Other runners-up win their choice of a yearned-for Loser Mug or the ardently desired “Whole Fools” Grossery Bag. Honorable mentions get a lusted-after Loser magnet designed by Bob Staake: either “The Wit Hit the Fan” or “Hardly Har-Har.” First Offenders receive a smelly tree-shaped air “freshener” (FirStink for their first ink). E-mail entries to firstname.lastname@example.org or, if you were born in the 19th century, fax to 202-334-4312. Deadline is Feb. 9; results published March 1 (online Feb. 26). You may submit up to 25 entries per contest. Include “Week 1109” in your e-mail subject line or it might be ignored as spam. Include your real name, postal address and phone number with your entry. See contest rules and guidelines at wapo.st/InvRules. The headline for this week’s results is by Beverley Sharp; the honorable-mentions subhead is by Jeff Contompasis. Join the lively Style Invitational Devotees group on Facebook at on.fb.me/invdev. “Like” the Style Invitational Ink of the Day on Facebook at bit.ly/inkofday.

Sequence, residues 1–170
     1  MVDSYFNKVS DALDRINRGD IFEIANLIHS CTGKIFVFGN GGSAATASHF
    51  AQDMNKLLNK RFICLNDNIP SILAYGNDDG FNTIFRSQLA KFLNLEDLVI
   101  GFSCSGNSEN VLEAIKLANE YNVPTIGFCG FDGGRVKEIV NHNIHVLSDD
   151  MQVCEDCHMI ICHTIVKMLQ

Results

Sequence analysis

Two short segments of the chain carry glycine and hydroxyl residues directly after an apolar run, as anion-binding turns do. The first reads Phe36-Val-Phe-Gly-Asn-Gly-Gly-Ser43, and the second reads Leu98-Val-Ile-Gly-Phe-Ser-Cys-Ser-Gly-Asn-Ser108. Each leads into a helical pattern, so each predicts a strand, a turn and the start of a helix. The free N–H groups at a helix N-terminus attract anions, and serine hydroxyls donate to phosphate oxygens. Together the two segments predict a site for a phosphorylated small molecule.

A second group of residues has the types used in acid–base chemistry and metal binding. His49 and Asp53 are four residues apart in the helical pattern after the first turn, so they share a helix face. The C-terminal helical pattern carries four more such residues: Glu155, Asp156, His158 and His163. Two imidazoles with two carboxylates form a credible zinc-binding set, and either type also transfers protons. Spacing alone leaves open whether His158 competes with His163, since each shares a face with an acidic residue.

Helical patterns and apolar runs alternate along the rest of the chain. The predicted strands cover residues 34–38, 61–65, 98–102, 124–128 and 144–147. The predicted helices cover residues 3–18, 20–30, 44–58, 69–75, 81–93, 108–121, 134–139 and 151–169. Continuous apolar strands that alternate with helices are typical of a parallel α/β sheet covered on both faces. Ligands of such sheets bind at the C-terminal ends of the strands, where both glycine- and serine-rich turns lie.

The Style Conversational The Empress’s weekly online column discusses each new contest and set of results. Especially if you plan to enter, check it out at wapo.st/styleconv.
Week 1105 marked our annual contest for poems about those who died in the previous year. For 2014, along with the many for Marion Barry and Joan Rivers and Mickey Rooney, numerous Losers turned to those who’d put themselves in the running for Darwin Awards for stupidity.
Peng Fan, chef:
A Chinese chef was making soup in Foshan, so it’s said;
This dish required a cobra, so he first chopped off its head.